Excerpted from A Caregiver's Handbook for Advanced-Stage Huntington's Disease by Jim Pollard.
Some people have difficulty sleeping. A change in one's sleep pattern, much more of it or much less of it, is a classic sign of depression. Little sleep and a very high activity level while awake could be a sign of mania. If you see this, report it to the appropriate health care professional so a complete evaluation can be made.
Due to daytime fatigue in advanced HD, some folks accidentally fall into a cycle of napping during the day and then being unable to fall asleep at night. You can usually find the right balance between conserving energy during the day and being tired enough to sleep through the night. Try to help them maintain their "rhythm of life."
People with HD may be more comfortable in surroundings that are cooler than typical. This may be related to some aspect of the disease that affects metabolism. They may also have episodes of excessive sweating. In some cases this may be related to certain medications. Others may have a compelling thirst. Those who drink an excessive amount of liquid per day should consult their physican regarding potential problems with electrolyte imbalance and kidney function.
He will have more and more difficulty thoroughly emptying his bladder, as his muscles become progressively uncoordinated. Increased thirst may lead to increased fluid consumption. This often causes him to sense the need to urinate more often than usual. Problems controlling impulses, coupled with the increased urges to urinate, often lead to him demanding to go to the bathroom over and over, often after just having urinated. Do not remind him that he just went to the bathroom. Do not ask him to wait. He may have an accident or only be further antagonized.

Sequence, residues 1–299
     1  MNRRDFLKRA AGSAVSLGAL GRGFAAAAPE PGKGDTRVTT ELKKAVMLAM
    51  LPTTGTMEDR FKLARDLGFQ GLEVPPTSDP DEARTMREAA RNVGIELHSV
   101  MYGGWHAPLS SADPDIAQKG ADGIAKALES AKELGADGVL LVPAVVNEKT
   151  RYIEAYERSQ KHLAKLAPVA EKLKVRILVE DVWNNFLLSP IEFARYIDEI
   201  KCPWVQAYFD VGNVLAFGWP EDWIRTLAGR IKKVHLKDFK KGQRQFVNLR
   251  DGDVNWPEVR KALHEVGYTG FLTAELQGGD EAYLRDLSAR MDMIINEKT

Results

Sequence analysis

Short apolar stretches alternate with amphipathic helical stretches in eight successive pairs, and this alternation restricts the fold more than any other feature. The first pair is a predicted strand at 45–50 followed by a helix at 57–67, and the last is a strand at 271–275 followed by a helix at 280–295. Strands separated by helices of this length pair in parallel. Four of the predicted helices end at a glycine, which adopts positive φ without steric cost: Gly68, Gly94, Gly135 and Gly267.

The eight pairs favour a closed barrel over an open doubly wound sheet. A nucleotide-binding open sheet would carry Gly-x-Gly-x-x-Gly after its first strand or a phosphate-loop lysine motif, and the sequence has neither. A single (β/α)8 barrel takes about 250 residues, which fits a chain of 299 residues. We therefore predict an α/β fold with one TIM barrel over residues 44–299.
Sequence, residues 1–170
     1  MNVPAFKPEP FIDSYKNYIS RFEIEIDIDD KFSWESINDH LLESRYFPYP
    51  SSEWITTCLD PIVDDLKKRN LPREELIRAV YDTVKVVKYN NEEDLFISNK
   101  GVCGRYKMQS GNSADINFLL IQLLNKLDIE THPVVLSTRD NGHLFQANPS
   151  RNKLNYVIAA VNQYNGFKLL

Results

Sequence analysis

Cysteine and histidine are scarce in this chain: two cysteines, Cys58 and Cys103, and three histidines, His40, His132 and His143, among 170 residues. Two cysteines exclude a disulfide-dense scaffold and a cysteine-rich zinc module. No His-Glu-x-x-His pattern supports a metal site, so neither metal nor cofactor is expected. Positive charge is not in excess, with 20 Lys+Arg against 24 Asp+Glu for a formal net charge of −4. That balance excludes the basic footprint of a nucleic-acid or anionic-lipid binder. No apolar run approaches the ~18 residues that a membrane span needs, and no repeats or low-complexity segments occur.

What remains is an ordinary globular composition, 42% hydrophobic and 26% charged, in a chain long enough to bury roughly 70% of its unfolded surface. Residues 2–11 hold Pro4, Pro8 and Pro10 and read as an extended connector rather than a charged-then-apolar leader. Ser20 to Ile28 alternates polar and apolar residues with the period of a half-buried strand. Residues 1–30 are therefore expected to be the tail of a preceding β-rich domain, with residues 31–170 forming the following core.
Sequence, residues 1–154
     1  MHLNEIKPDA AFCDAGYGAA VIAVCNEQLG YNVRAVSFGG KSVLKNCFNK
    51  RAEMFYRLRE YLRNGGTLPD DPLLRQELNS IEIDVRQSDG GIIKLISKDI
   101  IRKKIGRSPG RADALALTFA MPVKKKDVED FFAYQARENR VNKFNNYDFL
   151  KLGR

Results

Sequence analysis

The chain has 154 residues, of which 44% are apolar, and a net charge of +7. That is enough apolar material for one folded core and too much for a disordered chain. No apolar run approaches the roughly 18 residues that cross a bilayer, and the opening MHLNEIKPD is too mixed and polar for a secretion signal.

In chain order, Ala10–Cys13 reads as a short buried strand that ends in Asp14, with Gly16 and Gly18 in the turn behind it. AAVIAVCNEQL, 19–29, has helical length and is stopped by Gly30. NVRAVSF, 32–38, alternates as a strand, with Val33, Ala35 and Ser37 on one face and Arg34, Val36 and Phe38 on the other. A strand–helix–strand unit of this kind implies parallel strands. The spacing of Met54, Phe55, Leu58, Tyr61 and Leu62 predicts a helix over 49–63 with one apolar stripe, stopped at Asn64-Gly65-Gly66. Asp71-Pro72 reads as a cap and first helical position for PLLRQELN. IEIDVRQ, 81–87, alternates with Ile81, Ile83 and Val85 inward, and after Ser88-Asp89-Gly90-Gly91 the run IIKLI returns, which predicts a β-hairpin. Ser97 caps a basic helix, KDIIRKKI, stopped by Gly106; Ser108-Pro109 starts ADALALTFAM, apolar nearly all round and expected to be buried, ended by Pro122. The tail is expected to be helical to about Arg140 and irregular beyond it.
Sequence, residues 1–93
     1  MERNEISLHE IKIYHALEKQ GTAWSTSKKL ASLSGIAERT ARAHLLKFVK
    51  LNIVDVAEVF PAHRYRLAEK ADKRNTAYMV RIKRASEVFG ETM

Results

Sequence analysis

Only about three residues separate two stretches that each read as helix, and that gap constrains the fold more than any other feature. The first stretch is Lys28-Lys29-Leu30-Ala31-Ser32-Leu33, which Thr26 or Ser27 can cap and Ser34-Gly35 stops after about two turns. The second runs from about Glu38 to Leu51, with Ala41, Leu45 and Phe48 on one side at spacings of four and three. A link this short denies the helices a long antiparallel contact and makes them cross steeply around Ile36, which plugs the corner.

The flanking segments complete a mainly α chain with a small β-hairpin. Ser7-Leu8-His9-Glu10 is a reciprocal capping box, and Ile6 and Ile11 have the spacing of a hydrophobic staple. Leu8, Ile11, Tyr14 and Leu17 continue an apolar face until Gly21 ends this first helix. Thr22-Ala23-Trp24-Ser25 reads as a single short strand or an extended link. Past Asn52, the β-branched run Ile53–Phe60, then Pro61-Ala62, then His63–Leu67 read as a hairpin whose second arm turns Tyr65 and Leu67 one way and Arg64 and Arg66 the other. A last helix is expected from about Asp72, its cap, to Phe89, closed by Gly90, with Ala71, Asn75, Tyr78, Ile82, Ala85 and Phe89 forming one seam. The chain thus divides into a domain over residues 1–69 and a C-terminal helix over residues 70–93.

Constipation is a common problem in the more advanced stages of HD. Filling up on high-calorie, low-fiber foods to keep weight on, the loss of some fiber in altered texture diets, and an increasingly sedentary lifestyle can all add to the problem. After a thorough assessment, constipation is often treated with increased fluids, more frequent position changes, and a regimen of stool softeners.
Late in the progression of the disease, a very small number of people experience recurring high fevers. As in other times of high fever, the person's level of activity will decline. These high fevers occur despite physicians' best efforts to identify infectious causes. Consult your physician immediately. As you work together, pay close attention to room temperature and how much fluid he is drinking. It may be medications that interfere with sweating and the regulation of body temperature that are the cause.
Most physicians and physiotherapists familiar with HD tend not to treat chorea. Many people with HD who have taken medication to suppress their chorea feel that it is easier to live with their chorea than with the side effects of the medication used to suppress it. There are, however, people whose chorea is so severe that it actually causes them bodily harm. In these cases medication is most helpful. In addition, carefully selected padding of the environment is required. It may even become necessary to pad parts of the body if they are being repeatedly injured. Padded mitts as well as knee and elbow pads for athletes can be used.
Created and maintained by Renette Davis. Send comments to her by clicking here.
Created: Jan. 2, 2001
Last updated: Dec. 5, 2010